Market News January 30, 2019

Nevada Real Estate Market Update


The following analysis of the greater Las Vegas, Nevada real estate market is provided by Windermere Real Estate Chief Economist Matthew Gardner. We hope that this information may assist you with making better-informed real estate decisions. For further information about the housing market in your area, please don’t hesitate to contact your Windermere agent. 



Job growth in the Las Vegas metropolitan area remains very strong. A total of 38,900 new jobs were added over the past 12 months, representing an impressive annual growth rate of 3.9%. For perspective, the U.S. as a whole is growing at around 1.7% or less than half the rate of Las Vegas.

As jobs are added to the local economy, the unemployment rate is trending lower. The seasonally adjusted rate is 4.5%, down from 5.1% a year ago, but it is still higher than the national average. As I mentioned in last quarter’s Gardner Report, this is attributable to the rapidly rising labor force, which has grown by over 38,000 in the past year.



  • A total of 7,439 homes were sold in the fourth quarter of 2018 — a drop of 11.8% over the same period a year ago and 18.7% lower than the third quarter of 2018. The area had been suffering from a significant lack of inventory but that started to rise in mid-2018. Buyers have more choice and less urgency, so they are taking their time, which is leading to lower sales.

  • Year over year, pending sales dropped 10.5% and were down 22% compared to the third quarter. This suggests that closings in the first quarter of 2019 will not be very robust.    

  • Sales rose very modestly in the Spring Valley area but dropped across the rest of the market areas covered by this report. The most substantial dip in sales was in the Aliante neighborhood, but this is a very small area and, therefore, prone to significant swings.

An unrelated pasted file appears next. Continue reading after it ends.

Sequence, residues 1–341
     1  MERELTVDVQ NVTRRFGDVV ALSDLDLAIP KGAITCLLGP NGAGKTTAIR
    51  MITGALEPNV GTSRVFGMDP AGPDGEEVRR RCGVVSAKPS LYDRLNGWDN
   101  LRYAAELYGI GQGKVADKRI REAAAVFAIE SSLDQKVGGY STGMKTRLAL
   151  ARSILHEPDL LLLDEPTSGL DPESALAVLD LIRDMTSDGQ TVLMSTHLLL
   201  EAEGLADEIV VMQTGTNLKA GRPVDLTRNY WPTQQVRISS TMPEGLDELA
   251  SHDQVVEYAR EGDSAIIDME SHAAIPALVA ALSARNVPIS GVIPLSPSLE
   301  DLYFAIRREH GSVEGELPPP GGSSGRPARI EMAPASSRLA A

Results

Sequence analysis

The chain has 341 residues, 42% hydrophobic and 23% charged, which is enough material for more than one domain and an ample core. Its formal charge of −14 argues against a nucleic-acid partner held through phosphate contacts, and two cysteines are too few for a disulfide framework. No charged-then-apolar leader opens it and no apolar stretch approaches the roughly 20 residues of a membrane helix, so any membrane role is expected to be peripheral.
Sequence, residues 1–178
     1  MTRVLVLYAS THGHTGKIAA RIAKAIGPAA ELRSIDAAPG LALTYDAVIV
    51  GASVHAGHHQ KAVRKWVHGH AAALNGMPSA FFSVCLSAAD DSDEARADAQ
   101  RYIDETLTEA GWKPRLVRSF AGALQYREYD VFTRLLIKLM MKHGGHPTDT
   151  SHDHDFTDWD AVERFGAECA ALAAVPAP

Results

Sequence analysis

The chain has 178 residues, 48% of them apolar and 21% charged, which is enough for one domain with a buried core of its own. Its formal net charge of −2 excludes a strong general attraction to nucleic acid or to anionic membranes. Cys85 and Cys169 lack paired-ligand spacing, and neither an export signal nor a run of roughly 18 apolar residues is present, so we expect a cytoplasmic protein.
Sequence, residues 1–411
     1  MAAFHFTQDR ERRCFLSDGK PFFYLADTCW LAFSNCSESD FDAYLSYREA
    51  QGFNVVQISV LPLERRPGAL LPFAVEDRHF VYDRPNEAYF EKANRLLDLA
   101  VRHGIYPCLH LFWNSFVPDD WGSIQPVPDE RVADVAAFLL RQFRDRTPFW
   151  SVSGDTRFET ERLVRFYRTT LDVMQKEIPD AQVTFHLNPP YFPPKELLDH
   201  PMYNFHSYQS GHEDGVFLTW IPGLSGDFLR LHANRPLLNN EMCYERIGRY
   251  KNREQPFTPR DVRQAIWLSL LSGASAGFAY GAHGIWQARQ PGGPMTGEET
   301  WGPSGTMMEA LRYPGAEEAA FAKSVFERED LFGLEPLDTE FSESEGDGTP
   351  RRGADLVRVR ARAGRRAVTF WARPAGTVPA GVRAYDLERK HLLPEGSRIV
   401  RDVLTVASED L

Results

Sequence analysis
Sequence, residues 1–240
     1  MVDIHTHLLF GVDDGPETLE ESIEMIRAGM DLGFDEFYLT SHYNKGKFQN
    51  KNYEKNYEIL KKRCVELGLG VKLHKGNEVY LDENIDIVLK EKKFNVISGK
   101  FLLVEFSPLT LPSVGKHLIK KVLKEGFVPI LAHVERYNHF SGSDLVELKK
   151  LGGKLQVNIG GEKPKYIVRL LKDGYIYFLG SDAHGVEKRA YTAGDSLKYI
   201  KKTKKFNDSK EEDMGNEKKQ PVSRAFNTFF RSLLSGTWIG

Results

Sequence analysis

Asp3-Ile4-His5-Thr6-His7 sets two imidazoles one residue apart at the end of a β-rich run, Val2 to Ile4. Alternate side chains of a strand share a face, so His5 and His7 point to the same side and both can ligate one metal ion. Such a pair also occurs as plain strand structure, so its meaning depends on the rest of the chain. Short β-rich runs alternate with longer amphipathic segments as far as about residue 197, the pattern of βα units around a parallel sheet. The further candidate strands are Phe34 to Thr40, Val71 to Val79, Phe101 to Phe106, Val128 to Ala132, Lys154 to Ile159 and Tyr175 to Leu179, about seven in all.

• The Las Vegas market is experiencing the same increase in listing activity as a majority of U.S. markets. I don’t believe this is a cause for concern, but more choice will lead to a temporary slowing in sales as buyers take their time when choosing a new home.




  • Home prices in the area rose to an average of $307,068, an increase of 10.5% compared to the fourth quarter of 2017, and were a modest 0.9% higher than in the third quarter of 2018.

  • Home prices continue to rise in the Las Vegas market, but I believe we will start to see a slowdown as affordability issues appear and listing activity increases this spring.​

  • Prices in all sub-markets rose compared to the same quarter last year. The strongest growth was in the Queens Ridge sub-market, where prices were up a substantial 46%. Nine sub-markets saw double-digit price growth.​

  • Home values are likely to continue to increase but more choice, in concert with affordability constraints, will lead to a slowdown in the rate of price growth.




  • The average time it took to sell a home in the region dropped two days compared to the fourth quarter of 2017.

  • Region-wide it took an average of 35 days to sell a home in the fourth quarter of 2018.

  • Days on market fell in four of the sub-markets compared to a year ago, while two remained static and nine rose.

  • The greatest drop in days on market was in Aliante, which fell by four days compared to the same quarter in 2017. The greatest increase in market time was in Queens Ridge and Spring Valley, which rose by nine days.




The speedometer reflects the state of the region’s real estate market using housing inventory, price gains, home sales, interest rates, and larger economic factors. 

Employment growth in Clark County continues to be very robust and we are likely to see tangible income growth, which can offset increasing home prices. Even though we are seeing signs that the housing market is trending toward balance, I believe Las Vegas will be one of the best performing areas in the Western United States for home price growth in 2019.


As Chief Economist for Windermere Real Estate, Matthew Gardner is responsible for analyzing and interpreting economic data and its impact on the real estate market on both a local and national level. Matthew has over 30 years of professional experience both in the U.S. and U.K.

In addition to his day-to-day responsibilities, Matthew sits on the Washington State Governor's Council of Economic Advisors; chairs the Board of Trustees at the Washington Center for Real Estate Research at the University of Washington; and is an Advisory Board Member at the Runstad Center for Real Estate Studies at the University of Washington where he also lectures in real estate economics.